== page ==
When Jokes Attack

So, earlier this week I turned 35. I can now run for president in this country, check a new and exciting demographic box on forms, and refer to high school students as "those damn kids". (Get off my lawn.) One of the things that reportedly comes with advancing age is wisdom. And I think I might've gained some recently along with leveling up. It has to do with humor. It has to do with those pesky voices in my head that I'd rather bind, gag and shoot into orbit. It has to do with re-writing 35 years of programming.

So meet me after the jump and listen to the story of how Jamie realized she needs to be kinder to herself. 

Now, being good to yourself might seem like a no-brainer. Well duh! *shakes head* It's not for me. It's something I'm still learning. I've been unpacking a lot of old baggage recently (hooray major life changes making you sift through your shit, and forcing you to chuck it!) and I've discovered roots to current behaviors.

One thing you should know about me is my humor. I often use self-deprecation for comedic effect. In fact, I do this so often, it used to be a tagline on this site (and it still is on my business cards): 1010131511I've used self-effacing humor for decades at this point. At first it was a defense mechanism. You see, I was a fat kid. Look at this picture:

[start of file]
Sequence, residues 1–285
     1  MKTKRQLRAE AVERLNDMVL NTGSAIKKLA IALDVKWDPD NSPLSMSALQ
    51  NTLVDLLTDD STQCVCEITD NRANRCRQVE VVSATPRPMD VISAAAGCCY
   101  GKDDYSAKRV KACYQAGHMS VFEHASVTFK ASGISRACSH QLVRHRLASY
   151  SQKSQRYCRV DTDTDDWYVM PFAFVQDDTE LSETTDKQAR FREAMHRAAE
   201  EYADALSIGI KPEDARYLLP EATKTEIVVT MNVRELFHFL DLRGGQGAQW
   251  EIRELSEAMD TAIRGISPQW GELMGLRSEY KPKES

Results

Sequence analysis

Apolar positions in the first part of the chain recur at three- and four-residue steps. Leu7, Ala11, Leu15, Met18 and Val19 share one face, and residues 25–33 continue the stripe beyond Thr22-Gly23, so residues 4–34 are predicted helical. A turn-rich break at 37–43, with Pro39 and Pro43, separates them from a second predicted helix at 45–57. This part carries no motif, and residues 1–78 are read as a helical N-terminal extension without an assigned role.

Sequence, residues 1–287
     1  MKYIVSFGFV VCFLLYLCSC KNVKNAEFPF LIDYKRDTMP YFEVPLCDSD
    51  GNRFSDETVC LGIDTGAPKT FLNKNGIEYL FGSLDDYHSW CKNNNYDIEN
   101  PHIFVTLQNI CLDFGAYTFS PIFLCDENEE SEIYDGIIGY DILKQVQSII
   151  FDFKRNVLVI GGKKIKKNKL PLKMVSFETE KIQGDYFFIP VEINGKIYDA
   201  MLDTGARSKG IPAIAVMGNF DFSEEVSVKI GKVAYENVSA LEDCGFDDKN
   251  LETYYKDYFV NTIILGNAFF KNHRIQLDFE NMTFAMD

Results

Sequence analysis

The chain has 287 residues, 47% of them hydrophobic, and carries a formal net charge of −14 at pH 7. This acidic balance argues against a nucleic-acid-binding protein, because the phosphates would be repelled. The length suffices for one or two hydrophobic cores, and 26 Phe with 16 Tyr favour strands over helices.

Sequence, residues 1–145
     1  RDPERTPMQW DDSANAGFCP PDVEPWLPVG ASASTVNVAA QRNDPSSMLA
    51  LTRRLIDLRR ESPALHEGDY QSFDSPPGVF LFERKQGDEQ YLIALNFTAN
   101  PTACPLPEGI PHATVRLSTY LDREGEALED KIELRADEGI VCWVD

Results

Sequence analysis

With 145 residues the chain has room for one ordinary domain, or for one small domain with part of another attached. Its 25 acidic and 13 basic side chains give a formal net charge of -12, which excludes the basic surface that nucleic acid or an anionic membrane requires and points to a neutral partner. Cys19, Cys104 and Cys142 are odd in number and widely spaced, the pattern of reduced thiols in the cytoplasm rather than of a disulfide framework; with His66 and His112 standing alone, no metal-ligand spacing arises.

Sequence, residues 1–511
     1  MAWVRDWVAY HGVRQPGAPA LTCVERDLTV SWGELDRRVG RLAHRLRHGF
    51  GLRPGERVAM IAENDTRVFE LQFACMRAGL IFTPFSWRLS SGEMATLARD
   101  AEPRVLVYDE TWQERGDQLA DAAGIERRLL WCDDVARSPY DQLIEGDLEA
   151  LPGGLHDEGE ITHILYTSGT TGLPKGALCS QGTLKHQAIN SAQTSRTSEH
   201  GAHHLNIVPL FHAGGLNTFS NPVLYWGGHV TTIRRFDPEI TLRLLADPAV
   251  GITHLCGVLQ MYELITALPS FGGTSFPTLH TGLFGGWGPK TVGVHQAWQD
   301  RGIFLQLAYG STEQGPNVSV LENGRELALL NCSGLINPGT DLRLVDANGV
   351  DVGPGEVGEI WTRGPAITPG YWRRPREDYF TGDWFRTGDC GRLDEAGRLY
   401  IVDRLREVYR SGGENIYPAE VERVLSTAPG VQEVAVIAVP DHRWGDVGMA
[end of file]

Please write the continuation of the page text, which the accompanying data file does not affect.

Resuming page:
me, circa 1987

I'm sitting here trying to type the next line and it's killing me not to make some wisecrack. But that's part of it, isn't it? For years I've made jokes about my body because, as the logic went, if I said it first, that meant that the bullies wouldn't get the chance. Yeah, I was bullied a lot because of my body. I was taller than the other kids, that's for damn sure. And I was bigger. I was a perfect target, and kids are fucking cruel sometimes. So "beached whale" was a popular one. Pig, hog, fatso, fatty, thunder thighs, cow, heifer, chunky, chubby, Jabba.... I heard them all.

So, I did what I did best: I made jokes. I started putting myself down before the others could. I started talking smack to preempt their attacks. And even after the attacks stopped, I kept on doing it. Just a few months back, I started jokingly referring to my physique as comparable to a "harpoon-scarred manatee".

Funny, right?

*shakes head*

No.

It's hard to be nice to myself. So that picture up there? I was 7. When this picture was taken, I'd already started trying to diet and had very conscious thoughts of literally cutting off my fat.

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1986. First grade. I think this is when things ramped up in terms of my "education". I don't know exactly when it began, but I was taught at an early age to dislike my body. I was taught that my body was flawed, gross. Something to be hidden. Something to be improved. ("You'd be so pretty if you just....") Something to be ashamed of. And this wasn't just society telling me this. It wasn't magazines or television. It wasn't media. It was personal. Friends, peers, teachers, family members. I was trained to believe that this body of mine was inherently wrong.

As I looked through pictures today for this post, trying to find one that was the best example of how terrible I am, I kept saying, "There's nothing wrong with her. Nor her. Nor her. Why did I think I was so fat? Why did I think I was so ugly? And why the fuck did everyone tell me that?!"